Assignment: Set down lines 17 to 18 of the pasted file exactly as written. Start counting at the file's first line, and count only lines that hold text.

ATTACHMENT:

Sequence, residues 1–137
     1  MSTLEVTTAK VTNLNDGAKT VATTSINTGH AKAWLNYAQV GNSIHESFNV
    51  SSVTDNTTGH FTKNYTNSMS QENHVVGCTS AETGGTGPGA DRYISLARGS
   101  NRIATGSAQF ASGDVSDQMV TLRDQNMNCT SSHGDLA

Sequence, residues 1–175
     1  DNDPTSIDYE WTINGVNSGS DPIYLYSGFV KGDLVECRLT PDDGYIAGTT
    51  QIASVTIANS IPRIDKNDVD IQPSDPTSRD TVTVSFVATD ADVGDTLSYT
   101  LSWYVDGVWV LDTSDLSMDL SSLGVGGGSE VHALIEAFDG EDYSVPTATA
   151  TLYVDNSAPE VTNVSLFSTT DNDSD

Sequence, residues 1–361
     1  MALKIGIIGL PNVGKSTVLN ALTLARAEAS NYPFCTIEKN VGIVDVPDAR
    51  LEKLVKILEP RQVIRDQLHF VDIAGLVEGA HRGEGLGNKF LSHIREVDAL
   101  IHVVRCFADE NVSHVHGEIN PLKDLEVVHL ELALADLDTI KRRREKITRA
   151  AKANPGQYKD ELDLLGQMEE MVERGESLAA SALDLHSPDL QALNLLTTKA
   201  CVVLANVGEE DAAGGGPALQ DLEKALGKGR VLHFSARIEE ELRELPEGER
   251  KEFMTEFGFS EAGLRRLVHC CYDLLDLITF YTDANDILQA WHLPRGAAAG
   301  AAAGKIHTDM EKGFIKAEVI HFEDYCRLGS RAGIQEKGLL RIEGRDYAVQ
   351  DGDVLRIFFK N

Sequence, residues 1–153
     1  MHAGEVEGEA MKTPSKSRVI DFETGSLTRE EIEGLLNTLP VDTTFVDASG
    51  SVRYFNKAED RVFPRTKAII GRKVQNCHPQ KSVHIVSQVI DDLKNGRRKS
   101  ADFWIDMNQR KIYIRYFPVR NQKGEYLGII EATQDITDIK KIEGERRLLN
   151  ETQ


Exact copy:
   301  AAAGKIHTDM EKGFIKAEVI HFEDYCRLGS RAGIQEKGLL RIEGRDYAVQ
   351  DGDVLRIFFK N